As winter approaches, we start to wrap up warm to tackle the colder weather. But how do animals in the Royal Parks cope?
London's eight Royal Parks are home to some 4000 species but how animals adapt to cold temperatures varies. How they cope depends on a number of factors, largely their size, the type of food they eat, whether they are hot or cold blooded, and if they can fly.
During the cold weather, some birds like barn swallows will head south to places such as South Africa, whereas species such as black cap which have summered in eastern European countries migrate to less cold climes such as Britain.
Deer in Richmond, Bushy and Greenwich Park get a new winter coat, usually in a faded grey brown or red colour. The red and fallow deer's winter coat is thicker than their summer one and is comprised of two layers to insulate them from cold weather and snow. They also build up winter reserves in the autumn by feasting on sweet chestnuts and horse chestnuts. Visitors are therefore reminded not to remove chestnuts, or any plant or fungus from the Royal Parks.
Like many of us who would rather stay snuggled under the duvet of a morning, some animals also prefer to conserve their energy, only for them it's key to their survival. Hibernation is an extended state of inactivity which sees a dramatic drop in body temperature and heart rate. This reduces energy expenditure when food is scarce.
Only two types of mammals in the Royal Parks hibernate during the winter – hedgehogs and bats. Hedgehogs hibernate from October/November through to March/April. With hedgehog numbers declining nationwide, we are very fortunate to still have hedgehogs in four of our parks. Results from a recent study about hedgehogs in Regent's Park – the only park in central London to have retained a hedgehog population - will inform our longer-term conservation and horticulture plans.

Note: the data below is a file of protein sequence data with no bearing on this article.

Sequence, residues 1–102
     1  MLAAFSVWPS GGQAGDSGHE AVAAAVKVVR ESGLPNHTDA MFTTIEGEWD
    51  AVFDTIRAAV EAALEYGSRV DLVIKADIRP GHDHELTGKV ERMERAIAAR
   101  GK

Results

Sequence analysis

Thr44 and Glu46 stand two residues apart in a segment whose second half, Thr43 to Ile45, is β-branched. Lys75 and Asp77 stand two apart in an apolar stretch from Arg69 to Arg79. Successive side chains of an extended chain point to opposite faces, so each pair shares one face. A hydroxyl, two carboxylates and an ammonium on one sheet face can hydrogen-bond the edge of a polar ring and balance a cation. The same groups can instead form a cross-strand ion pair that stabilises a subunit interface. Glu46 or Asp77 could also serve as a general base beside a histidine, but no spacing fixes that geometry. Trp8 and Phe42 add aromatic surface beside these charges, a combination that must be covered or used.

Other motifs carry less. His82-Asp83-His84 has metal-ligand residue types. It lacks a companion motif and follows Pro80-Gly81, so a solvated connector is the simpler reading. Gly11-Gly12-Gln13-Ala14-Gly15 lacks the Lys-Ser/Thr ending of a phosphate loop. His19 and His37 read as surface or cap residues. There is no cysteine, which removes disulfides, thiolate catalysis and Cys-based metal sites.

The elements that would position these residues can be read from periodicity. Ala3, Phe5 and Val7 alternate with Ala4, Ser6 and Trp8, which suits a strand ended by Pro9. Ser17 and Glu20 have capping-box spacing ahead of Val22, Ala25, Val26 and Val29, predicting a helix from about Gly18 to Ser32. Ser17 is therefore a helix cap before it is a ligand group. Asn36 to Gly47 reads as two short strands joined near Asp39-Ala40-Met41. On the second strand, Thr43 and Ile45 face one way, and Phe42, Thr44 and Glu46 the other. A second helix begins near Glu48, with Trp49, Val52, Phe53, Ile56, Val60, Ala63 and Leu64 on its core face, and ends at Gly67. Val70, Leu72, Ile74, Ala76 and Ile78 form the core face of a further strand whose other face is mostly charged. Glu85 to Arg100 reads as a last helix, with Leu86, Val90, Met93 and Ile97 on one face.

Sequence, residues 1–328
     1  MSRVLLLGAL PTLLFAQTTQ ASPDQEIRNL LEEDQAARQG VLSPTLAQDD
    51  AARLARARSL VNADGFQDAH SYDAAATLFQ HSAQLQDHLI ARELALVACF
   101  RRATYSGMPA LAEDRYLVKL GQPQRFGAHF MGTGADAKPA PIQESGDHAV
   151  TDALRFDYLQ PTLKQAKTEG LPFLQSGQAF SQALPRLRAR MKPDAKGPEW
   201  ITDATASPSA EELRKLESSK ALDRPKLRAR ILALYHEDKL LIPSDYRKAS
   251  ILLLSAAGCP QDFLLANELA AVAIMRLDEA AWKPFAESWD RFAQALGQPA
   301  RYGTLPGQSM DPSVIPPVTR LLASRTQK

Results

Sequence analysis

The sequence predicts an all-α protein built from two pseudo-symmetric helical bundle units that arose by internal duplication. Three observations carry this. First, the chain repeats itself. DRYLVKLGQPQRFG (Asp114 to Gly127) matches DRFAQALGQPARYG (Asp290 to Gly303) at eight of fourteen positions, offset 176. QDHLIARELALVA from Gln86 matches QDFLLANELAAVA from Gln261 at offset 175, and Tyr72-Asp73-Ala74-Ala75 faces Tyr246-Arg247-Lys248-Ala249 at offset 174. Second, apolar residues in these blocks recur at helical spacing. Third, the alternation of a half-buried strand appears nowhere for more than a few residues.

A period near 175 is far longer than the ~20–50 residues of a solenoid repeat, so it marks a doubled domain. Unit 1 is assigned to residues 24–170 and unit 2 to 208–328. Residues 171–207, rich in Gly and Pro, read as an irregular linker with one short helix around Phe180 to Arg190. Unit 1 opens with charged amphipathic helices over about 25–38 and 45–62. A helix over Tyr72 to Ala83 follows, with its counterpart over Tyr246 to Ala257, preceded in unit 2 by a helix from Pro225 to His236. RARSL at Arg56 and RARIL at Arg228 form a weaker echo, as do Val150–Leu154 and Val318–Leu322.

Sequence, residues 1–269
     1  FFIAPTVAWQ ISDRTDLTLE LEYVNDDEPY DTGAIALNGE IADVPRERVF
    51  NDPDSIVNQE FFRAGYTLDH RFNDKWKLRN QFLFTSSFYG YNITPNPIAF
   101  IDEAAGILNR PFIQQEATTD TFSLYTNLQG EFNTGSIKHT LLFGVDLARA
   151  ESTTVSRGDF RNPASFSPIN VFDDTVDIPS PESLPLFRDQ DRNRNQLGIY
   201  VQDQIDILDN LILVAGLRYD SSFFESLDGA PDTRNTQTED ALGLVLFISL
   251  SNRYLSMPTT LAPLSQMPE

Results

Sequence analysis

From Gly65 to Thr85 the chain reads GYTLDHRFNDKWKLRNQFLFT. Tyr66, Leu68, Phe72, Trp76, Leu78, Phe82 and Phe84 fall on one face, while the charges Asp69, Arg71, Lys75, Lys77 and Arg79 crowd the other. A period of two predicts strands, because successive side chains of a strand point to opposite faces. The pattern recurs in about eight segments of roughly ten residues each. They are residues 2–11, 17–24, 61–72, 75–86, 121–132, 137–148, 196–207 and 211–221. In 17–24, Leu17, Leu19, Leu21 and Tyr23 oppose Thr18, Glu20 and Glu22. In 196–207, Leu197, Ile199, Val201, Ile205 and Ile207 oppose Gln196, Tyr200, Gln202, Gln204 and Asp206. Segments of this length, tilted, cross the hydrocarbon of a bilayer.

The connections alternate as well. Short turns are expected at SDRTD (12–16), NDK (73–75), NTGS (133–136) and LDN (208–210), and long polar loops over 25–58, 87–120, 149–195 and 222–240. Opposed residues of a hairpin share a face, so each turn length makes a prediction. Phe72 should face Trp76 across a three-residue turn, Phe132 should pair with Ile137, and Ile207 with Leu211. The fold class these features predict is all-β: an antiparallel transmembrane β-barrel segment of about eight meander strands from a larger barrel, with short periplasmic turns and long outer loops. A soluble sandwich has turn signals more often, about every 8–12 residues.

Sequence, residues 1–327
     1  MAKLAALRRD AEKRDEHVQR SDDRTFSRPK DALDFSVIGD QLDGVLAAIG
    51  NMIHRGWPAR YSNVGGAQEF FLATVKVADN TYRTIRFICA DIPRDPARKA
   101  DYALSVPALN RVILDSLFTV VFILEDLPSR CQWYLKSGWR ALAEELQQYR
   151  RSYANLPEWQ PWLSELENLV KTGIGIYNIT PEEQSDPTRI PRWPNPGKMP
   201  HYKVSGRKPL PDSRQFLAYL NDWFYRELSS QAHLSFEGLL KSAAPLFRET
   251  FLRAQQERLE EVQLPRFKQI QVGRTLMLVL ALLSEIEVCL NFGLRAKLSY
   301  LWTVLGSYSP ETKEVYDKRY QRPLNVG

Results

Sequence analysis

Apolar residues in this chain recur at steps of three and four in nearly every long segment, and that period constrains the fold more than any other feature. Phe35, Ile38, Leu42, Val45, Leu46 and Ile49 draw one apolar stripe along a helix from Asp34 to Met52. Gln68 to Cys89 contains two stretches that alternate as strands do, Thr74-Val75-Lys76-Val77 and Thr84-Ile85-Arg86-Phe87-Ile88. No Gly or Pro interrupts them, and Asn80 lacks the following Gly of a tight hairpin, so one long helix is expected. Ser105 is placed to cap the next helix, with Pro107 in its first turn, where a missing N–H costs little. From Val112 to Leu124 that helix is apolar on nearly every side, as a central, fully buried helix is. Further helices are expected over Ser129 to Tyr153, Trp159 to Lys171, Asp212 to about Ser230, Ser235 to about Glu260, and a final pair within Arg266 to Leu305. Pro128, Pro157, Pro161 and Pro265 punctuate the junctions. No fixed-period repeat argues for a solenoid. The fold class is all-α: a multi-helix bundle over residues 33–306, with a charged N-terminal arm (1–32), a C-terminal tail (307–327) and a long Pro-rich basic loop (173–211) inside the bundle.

Bats hibernate when night time temperatures drop below five degrees or so. They look for somewhere that will remain frost free, a constant temperature and humid (so they don't dehydrate), such as crevices within trees, underground sites and within buildings.
Cold-blooded animals such as frogs, toads, newts, lizards and snakes also lie dormant during winter. They hide away under logs, stones and compost heaps with amphibians also burying themselves in silt or in the muddy banks of ponds. To lend a helping hand we installed a hibernaculum in Richmond Park to provide a refuge for snakes and lizards over winter, and across the Royal Parks we leave piles of logs and brash lying around for overwintering reptiles and amphibians.
Many adult insects die at the end of summer or autumn, leaving their eggs or pupae under plant litter, in soil, or in bark crevices during winter. The workers and males of social wasps and bumblebees will die in autumn with only the new, mated queens remaining to hibernate and emerge in spring to start a new nest.
Some butterflies, such as small tortoiseshell and peacock, survive winter by seeking out a cool sheltered space such as an unheated room or garden shed, where they enter a state of dormancy. Other butterflies such as the painted lady or the silver Y moth prefer to avoid British winters by migrating to warmer climes.
Support the Parks
We believe access to open green space is more important than ever, especially in cities like ours. It costs tens of millions of pounds every year to care for these beautiful and historic parks, and the impact of Covid has hit the charity hard as we face a significant drop in income.
If you value your Royal Parks, please consider making a gift. It will make all the difference to their future.